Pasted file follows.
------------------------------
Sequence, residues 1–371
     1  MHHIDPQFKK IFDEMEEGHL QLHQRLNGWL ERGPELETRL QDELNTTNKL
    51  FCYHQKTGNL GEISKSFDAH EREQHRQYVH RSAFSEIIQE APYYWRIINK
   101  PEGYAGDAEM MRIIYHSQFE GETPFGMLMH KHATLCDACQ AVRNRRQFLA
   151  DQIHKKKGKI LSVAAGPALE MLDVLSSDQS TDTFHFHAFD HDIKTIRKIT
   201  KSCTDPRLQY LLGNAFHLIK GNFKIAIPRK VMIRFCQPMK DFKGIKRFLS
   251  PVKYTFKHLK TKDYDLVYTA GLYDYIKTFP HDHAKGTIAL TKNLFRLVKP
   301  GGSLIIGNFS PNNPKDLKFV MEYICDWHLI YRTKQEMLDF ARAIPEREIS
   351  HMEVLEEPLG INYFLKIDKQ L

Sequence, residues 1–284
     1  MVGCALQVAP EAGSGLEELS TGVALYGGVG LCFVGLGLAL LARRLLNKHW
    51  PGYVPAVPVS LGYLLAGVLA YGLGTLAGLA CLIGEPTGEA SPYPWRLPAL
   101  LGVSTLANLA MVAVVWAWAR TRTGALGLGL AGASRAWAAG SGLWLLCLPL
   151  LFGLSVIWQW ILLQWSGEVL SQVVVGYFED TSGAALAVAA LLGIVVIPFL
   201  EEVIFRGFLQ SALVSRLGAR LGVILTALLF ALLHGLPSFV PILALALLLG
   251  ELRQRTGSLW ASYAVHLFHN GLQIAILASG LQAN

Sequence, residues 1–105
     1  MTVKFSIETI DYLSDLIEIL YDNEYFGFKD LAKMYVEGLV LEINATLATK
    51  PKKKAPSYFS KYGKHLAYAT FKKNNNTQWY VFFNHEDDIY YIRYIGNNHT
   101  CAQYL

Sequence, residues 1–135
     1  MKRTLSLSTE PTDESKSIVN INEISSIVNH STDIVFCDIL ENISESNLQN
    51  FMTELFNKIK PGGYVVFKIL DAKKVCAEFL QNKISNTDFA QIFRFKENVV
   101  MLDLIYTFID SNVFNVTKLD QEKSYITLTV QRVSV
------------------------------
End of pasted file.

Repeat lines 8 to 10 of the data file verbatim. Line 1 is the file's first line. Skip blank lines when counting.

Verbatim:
   301  GGSLIIGNFS PNNPKDLKFV MEYICDWHLI YRTKQEMLDF ARAIPEREIS
   351  HMEVLEEPLG INYFLKIDKQ L

Sequence, residues 1–284